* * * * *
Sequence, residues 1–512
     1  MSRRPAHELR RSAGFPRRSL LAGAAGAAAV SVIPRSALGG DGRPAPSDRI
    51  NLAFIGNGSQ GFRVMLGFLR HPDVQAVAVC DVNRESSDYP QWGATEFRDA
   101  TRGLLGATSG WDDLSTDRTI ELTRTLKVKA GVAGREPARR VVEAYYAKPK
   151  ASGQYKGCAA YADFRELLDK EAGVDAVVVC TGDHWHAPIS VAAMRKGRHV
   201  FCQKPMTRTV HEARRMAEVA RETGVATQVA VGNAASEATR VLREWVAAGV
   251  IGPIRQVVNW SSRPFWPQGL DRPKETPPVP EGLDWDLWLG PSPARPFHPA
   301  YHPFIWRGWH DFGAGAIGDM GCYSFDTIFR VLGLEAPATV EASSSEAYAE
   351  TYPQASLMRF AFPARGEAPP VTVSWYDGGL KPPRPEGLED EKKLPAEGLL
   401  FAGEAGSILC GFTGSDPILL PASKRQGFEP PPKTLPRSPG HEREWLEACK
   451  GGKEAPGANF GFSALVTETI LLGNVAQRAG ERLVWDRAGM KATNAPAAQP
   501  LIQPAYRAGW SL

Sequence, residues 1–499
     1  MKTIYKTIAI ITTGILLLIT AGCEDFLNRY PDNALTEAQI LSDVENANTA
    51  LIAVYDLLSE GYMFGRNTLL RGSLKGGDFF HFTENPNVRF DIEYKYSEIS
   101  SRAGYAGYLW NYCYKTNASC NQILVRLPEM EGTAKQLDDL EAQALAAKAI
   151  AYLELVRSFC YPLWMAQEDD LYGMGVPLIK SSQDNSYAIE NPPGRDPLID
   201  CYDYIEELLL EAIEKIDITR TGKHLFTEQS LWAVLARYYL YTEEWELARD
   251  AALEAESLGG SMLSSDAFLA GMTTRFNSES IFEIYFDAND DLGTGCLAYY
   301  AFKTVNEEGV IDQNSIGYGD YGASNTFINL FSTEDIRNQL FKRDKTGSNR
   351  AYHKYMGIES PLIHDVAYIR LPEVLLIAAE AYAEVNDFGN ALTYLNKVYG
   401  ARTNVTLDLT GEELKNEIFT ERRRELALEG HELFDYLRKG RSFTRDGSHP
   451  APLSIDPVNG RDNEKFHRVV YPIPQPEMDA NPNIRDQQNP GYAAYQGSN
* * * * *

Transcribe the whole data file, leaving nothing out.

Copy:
Sequence, residues 1–512
     1  MSRRPAHELR RSAGFPRRSL LAGAAGAAAV SVIPRSALGG DGRPAPSDRI
    51  NLAFIGNGSQ GFRVMLGFLR HPDVQAVAVC DVNRESSDYP QWGATEFRDA
   101  TRGLLGATSG WDDLSTDRTI ELTRTLKVKA GVAGREPARR VVEAYYAKPK
   151  ASGQYKGCAA YADFRELLDK EAGVDAVVVC TGDHWHAPIS VAAMRKGRHV
   201  FCQKPMTRTV HEARRMAEVA RETGVATQVA VGNAASEATR VLREWVAAGV
   251  IGPIRQVVNW SSRPFWPQGL DRPKETPPVP EGLDWDLWLG PSPARPFHPA
   301  YHPFIWRGWH DFGAGAIGDM GCYSFDTIFR VLGLEAPATV EASSSEAYAE
   351  TYPQASLMRF AFPARGEAPP VTVSWYDGGL KPPRPEGLED EKKLPAEGLL
   401  FAGEAGSILC GFTGSDPILL PASKRQGFEP PPKTLPRSPG HEREWLEACK
   451  GGKEAPGANF GFSALVTETI LLGNVAQRAG ERLVWDRAGM KATNAPAAQP
   501  LIQPAYRAGW SL

Sequence, residues 1–499
     1  MKTIYKTIAI ITTGILLLIT AGCEDFLNRY PDNALTEAQI LSDVENANTA
    51  LIAVYDLLSE GYMFGRNTLL RGSLKGGDFF HFTENPNVRF DIEYKYSEIS
   101  SRAGYAGYLW NYCYKTNASC NQILVRLPEM EGTAKQLDDL EAQALAAKAI
   151  AYLELVRSFC YPLWMAQEDD LYGMGVPLIK SSQDNSYAIE NPPGRDPLID
   201  CYDYIEELLL EAIEKIDITR TGKHLFTEQS LWAVLARYYL YTEEWELARD
   251  AALEAESLGG SMLSSDAFLA GMTTRFNSES IFEIYFDAND DLGTGCLAYY
   301  AFKTVNEEGV IDQNSIGYGD YGASNTFINL FSTEDIRNQL FKRDKTGSNR
   351  AYHKYMGIES PLIHDVAYIR LPEVLLIAAE AYAEVNDFGN ALTYLNKVYG
   401  ARTNVTLDLT GEELKNEIFT ERRRELALEG HELFDYLRKG RSFTRDGSHP
   451  APLSIDPVNG RDNEKFHRVV YPIPQPEMDA NPNIRDQQNP GYAAYQGSN